Fifty Years Ago - 1949

What was happening in Australian civil aviation fifty years ago? This review of a cross-section of events and incidents, particularly within the Department of Civil Aviation (DCA), is gleaned from departmental Annual Reports, Administrative Circulars and from notes prepared by Douglas Gillison (DCA public relations officer) for the international aviation newsletter Interavia.

The year 1949 was not a particularly good one for post-war civil aviation in Australia.

Continuing wartime shortages of materials and manpower, and shortage of dollar reserves in Australia, hampered the purchase of American airline aircraft.

In June 1949 DCA employed 701 staff in Head Office and 2903 in the newly-created Regions. The seven regions were:
Victoria/Tasmania (Regional Director J.H. Harper)
New South Wales (A.H. Cobby)
Queensland (A.W. Doubleday)
Western Australia (D. Ross)
South Australia (R. Kingsland)
Northern Territory (F. Anderson) and
Papua-New Guinea (J. Arthur)

There was some difficulty in recruiting staff, as more attractive employment was offered in outside industry. To cope with the increased need for technical staff, DCA introduced a training plan to provide five-year radio and electrical training courses for youths between 15 and 17 years. About 40 were selected for the first intake.

The Department also established two training schools for Communications Officers at Brisbane and Melbourne. The ten-week course included typing skills to a speed of 25 words-per-minute.

Statistics published in England showed Australians as the most air-minded people in the world. There were 92 passenger miles flown for every man, woman and child in Australia compared to the USA (60) , and the Netherlands in third place at 50 passenger miles.
Our fares were also the lowest. The Melbourne-Sydney fare was less that three pence per mile, compared to 9.3 pence (Sterling) for the London-Paris fare.

In May, Civil Aviation Minister Drakeford announced that a 546,000 ($15.3m today) contract for the construction of 95 DME beacons had been let to Amalgamated Wireless (Australasia) Limited.

Of the developments in the air traffic control organisation, perhaps the most appreciated by ATC staff was the gradual replacement of the interference-prone HF (high frequency) communications with VHF air-ground communications. Other new innovations were the Flight Progress Board at major ATC Centres, and the commissioning of the first Runway Localiser beacon at Essendon Airport. It reduced the landing interval between instrument approaches to four minutes, and also reduced the landing minima, with a consequent decrease in diversions to other airports.

Major airports works continued on the construction of an international airport at Mascot. Cooks River was diverted to flow into Botany Bay west of the new airport, and the old river bed filled to form the base of the first of the new runways. At the same time the sewer lines and main highway (General Holmes Drive) were diverted.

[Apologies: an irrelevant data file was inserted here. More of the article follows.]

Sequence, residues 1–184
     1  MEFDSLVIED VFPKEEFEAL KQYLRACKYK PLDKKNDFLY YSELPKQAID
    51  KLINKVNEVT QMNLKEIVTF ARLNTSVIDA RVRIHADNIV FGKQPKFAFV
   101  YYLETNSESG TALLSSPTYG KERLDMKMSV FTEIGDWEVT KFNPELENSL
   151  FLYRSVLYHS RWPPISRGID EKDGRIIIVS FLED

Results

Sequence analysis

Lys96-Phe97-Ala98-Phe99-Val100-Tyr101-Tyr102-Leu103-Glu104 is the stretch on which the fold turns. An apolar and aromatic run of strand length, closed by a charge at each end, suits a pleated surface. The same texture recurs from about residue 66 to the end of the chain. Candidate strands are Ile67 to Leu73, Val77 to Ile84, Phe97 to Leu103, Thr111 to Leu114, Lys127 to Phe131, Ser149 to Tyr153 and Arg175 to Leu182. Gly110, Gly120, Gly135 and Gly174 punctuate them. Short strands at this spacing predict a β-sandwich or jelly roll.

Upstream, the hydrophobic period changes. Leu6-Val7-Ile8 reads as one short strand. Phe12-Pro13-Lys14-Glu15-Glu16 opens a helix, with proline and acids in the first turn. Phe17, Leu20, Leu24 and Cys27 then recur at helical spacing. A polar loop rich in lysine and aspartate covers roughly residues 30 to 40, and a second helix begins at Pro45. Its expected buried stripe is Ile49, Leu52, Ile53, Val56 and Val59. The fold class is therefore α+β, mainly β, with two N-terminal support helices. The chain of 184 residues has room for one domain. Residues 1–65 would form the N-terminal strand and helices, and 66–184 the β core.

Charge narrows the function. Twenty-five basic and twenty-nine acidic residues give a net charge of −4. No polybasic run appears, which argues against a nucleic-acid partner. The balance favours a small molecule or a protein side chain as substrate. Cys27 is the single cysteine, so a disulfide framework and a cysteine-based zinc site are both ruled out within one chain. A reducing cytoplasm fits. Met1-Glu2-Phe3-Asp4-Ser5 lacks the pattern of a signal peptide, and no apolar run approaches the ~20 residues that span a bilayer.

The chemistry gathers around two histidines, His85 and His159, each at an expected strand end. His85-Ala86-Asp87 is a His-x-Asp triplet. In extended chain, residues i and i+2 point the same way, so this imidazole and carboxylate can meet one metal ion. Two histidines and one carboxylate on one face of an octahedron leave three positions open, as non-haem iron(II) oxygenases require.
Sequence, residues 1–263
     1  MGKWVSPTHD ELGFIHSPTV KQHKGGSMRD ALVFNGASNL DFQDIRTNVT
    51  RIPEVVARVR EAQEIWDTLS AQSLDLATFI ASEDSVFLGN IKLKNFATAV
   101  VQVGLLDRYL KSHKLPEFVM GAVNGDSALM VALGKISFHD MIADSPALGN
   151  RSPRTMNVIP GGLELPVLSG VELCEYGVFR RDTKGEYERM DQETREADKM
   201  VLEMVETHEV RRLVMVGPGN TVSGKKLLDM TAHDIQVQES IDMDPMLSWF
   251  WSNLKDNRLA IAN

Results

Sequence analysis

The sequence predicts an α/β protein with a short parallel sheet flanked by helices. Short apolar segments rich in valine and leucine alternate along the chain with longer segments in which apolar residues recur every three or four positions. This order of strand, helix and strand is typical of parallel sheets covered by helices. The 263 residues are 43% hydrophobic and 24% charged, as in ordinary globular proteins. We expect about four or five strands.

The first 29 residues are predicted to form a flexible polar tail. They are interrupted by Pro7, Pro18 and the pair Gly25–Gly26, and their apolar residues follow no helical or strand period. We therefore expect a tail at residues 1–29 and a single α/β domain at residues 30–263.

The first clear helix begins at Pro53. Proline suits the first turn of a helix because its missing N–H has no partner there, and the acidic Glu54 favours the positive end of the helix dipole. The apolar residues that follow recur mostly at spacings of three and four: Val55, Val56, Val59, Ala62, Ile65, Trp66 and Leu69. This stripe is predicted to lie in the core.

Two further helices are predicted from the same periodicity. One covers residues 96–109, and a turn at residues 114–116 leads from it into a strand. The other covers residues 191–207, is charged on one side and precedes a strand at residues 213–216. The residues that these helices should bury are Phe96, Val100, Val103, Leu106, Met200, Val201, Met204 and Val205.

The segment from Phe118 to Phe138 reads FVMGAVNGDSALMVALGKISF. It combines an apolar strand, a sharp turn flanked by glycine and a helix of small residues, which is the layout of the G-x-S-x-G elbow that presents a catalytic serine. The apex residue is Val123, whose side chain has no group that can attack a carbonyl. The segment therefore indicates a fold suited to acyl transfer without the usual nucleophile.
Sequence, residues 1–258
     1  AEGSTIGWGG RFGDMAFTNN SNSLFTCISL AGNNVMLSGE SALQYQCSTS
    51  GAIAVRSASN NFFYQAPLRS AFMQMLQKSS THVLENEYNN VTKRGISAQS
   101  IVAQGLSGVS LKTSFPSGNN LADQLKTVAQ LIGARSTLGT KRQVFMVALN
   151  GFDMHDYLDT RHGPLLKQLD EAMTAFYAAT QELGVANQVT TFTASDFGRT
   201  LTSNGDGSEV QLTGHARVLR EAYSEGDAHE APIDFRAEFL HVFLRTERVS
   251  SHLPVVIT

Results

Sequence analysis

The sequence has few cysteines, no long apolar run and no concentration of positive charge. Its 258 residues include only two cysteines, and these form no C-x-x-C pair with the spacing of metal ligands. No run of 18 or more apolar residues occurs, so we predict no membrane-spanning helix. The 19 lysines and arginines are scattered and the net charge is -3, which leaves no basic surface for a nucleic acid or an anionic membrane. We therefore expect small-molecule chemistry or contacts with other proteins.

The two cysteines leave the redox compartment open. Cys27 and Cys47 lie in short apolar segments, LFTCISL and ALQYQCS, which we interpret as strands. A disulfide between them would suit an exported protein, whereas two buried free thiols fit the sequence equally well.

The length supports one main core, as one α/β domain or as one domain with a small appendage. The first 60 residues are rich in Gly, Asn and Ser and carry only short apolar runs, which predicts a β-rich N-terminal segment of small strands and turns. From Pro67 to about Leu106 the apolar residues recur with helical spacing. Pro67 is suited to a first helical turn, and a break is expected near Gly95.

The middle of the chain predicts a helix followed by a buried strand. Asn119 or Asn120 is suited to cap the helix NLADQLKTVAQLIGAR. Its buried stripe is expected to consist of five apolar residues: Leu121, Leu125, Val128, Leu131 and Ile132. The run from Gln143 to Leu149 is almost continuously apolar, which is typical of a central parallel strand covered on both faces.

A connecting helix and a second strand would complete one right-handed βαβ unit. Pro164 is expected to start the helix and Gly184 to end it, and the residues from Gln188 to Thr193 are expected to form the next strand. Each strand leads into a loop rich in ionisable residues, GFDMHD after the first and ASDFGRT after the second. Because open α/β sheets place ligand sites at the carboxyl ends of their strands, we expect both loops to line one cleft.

Moorabbin and Bankstown were developed as secondary airports for non-radio equipped aircraft. Major airline companies transferred from Archerfield to Eagle Farm, and the new Adelaide/West Beach airport was taking shape.

Mascot was now handling more airline traffic than any other airport in Australia. For the three months to the end of September, Mascot handled 5,356 scheduled aircraft movements while Essendon recorded 4,502, Eagle Farm 3,156 and Parafield 3,525. (Until this time, Essendon had been the busiest airport).

The famous Mobile Maintenance Units in Western Australia and Queensland prepared and maintained landing strips, licenced aerodromes and authorised landing areas. In Queensland, the landing strips at Canobie, Wondoola, Milgarra, Miranda Downs and Delta Downs were extended and widened to ICAO standards.


TAA’s fourth Convair-Liner arrived in Melbourne, carrying fourteen British migrant passengers. (The first Convair went into service on 21 October, 1948).

An arrangement between the Australia and New Zealand governments permitted the Australian Representative on the Council of ICAO, Dr K.N.E. Bradfield, to represent both countries.

On 10 March, a Lockheed Lodestar (VH-BAG) operated by Queensland Airlines P/L, crashed after takeoff from Coolangatta aerodrome. All 21 crew and passengers were killed.

A MacRobertson-Miller DC-3 (VH-MME) on a regular public transport service from Perth to Carnarvon took off from Guildford (Perth) in conditions of darkness and moderate rain, climbed steeply until the port wing and nose dropped sharply, after which it dived steeply to the ground. All 18 occupants were killed.

W. Arthur Baird (1891-1954), one of three men who composed the entire initial staff of Q.A.N.T.A.S. Ltd retired from the company on 30 June. He served with the Australian Flying Corps during World War I, and afterwards opened an engineering business in Melbourne. He joined P.J. McGinnis and Hudson Fysh when they flew the first two planes (BE-2a and Avro 504) to Longreach. Under Baird’s direction, DH-50 aircraft were constructed in 1926. He played an important part in developing the Flying Doctor Services and for many years piloted aircraft between Brisbane and Camooweal.

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